If you go the flavor packet route, I recommend reading the ingredients. There are some companies out there marketing drink mixes as water enhancers. I fell for one of these “water enhancers,” only to get home and find out that the packet contained all sorts of stuff, including artificial color and sweetener. While that may be a lovely drink, it isn’t water.

Use a Wide Straw

For some reason, you can drink more quickly when you drink through a straw, rather than sipping straight from a cup or bottle. I’m sure there’s a scientific reason behind it, but I’m not going to pretend to know what it is. All I know is that it works.

What works even better is drinking through a wide straw. You want to get the job done quickly? This hack is your best bet. The diameter of a typical drinking straw like our Classic Build-A-Straw is about 6mm, whereas the diameter of our Extra Wide Build-A-Straw is 8mm. 2mm may not seem like much of a difference, but it makes a big difference when it comes to drinking water.

Check out the pic of the pitcher I use when I’m sitting at my desk. Big old pitcher, big old straw.

Stick with Room Temp

Nothing beats a big bottle of ice water on a hot day or after a workout (or so I hear…I’m personally allergic to working out). But while it feels so refreshing and helps you cool down a bit, you’ve probably noticed that you can only drink a bit of it at a time. After a big swig, the muscles in your neck will start telling you to pause.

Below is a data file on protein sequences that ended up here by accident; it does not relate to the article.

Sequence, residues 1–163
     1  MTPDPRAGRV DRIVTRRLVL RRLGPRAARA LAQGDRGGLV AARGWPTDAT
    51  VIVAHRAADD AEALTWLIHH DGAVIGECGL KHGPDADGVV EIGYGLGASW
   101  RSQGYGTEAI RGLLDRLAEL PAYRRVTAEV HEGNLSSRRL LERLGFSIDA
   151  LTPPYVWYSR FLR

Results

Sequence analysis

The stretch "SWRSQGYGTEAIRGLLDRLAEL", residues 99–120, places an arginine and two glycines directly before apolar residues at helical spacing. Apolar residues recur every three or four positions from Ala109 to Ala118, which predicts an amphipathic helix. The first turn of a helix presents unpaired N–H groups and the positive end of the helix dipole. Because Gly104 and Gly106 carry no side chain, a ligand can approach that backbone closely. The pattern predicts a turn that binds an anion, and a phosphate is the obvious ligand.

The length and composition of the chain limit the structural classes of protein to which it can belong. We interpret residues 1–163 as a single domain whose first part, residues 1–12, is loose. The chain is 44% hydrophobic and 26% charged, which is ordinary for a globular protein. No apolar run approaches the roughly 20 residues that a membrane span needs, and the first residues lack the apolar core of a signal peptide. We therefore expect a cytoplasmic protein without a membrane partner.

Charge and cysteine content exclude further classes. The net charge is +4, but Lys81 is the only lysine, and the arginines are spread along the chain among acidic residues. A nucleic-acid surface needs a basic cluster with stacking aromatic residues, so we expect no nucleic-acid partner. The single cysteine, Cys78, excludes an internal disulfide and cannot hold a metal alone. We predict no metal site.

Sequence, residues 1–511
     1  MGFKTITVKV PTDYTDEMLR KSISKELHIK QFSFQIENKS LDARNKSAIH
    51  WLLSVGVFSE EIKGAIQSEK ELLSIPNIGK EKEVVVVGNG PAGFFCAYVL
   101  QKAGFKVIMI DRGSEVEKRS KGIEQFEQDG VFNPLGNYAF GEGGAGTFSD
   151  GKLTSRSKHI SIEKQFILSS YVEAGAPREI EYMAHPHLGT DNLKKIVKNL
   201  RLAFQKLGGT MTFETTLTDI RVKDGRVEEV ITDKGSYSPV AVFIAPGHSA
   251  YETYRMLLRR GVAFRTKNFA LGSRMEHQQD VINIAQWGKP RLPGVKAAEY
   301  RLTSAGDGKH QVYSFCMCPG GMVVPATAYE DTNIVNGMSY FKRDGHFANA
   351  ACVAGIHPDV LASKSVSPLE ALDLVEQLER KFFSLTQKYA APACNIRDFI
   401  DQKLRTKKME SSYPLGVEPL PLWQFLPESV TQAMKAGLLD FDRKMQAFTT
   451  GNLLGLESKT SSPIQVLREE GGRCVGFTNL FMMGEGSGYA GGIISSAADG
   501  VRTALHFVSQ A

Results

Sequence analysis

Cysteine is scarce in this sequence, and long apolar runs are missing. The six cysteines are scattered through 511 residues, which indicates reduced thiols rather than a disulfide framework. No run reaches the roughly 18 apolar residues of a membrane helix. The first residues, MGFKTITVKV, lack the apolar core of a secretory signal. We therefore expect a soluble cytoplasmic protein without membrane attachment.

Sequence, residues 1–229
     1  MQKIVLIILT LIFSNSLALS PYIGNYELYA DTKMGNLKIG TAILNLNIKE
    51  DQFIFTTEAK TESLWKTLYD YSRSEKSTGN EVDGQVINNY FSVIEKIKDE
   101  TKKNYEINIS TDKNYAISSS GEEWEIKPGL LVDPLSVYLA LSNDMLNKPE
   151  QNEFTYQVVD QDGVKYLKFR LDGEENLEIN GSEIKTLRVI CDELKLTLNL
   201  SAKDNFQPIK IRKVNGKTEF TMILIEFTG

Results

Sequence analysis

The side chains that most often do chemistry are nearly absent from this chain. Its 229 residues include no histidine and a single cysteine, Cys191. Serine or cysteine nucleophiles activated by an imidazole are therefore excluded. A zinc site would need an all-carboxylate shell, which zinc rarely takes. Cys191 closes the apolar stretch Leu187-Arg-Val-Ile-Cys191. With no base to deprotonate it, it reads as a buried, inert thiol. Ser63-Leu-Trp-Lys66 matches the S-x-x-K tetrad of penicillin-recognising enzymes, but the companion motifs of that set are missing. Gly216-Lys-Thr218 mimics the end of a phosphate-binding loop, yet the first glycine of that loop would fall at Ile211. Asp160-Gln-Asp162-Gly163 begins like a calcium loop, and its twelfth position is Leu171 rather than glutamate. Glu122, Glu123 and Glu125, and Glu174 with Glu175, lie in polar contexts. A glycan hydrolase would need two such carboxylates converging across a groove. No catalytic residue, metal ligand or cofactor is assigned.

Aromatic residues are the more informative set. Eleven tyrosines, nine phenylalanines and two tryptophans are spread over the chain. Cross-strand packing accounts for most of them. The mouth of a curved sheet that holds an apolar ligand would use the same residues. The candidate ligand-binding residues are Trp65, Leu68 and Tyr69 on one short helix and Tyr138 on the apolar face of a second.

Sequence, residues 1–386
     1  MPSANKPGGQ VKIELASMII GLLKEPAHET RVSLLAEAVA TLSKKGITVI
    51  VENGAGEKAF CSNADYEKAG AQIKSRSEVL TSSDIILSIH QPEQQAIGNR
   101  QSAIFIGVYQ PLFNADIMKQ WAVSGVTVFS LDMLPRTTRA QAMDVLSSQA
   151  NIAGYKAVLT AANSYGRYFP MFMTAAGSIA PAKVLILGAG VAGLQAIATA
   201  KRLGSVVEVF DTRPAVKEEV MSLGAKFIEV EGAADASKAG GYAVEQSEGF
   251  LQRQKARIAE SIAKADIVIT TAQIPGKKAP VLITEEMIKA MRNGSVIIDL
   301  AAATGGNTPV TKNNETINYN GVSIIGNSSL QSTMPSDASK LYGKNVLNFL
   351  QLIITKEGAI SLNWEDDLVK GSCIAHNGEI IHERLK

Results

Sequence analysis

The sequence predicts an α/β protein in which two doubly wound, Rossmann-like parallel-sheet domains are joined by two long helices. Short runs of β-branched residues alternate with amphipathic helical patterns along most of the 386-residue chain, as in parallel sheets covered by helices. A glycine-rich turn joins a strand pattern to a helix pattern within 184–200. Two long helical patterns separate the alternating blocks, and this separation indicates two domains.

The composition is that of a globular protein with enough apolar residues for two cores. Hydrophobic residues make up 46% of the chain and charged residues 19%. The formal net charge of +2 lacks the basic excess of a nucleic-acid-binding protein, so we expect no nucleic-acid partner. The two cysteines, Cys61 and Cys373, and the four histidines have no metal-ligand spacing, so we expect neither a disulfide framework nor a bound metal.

As a childhood voice actor and jingle singer, I was in and out of recording studios all the time. In every sound booth there would be several bottles of water, and they were always room temperature—never refrigerated. Why not ice water? Because ice and very cold water can constrict the muscles that surround your vocal cords, and that in turn decreases the flexibility of the cords. Everything tightens up in there when the muscles get “shocked” by the cold.

When you’re trying to hit a water quantity goal, it makes sense to choose the temperature that will go down easily, so you can drink more of it at one time. And that’s going to be room temp.

For some people, going from all ice water all the time to room temperature water can be a big change, but it’s worth trying to get comfortable with it. If you’re used to having 8 ice cubes in your water bottle, trying taking small steps and cut it down to 7, then 6, and so on.

That said, if you truly can’t stand the room temperature water, just go ahead and stick with the cold. If you’re completely miserable while drinking your water, it’s highly unlikely that you’re not going to make the whole water thing a habit.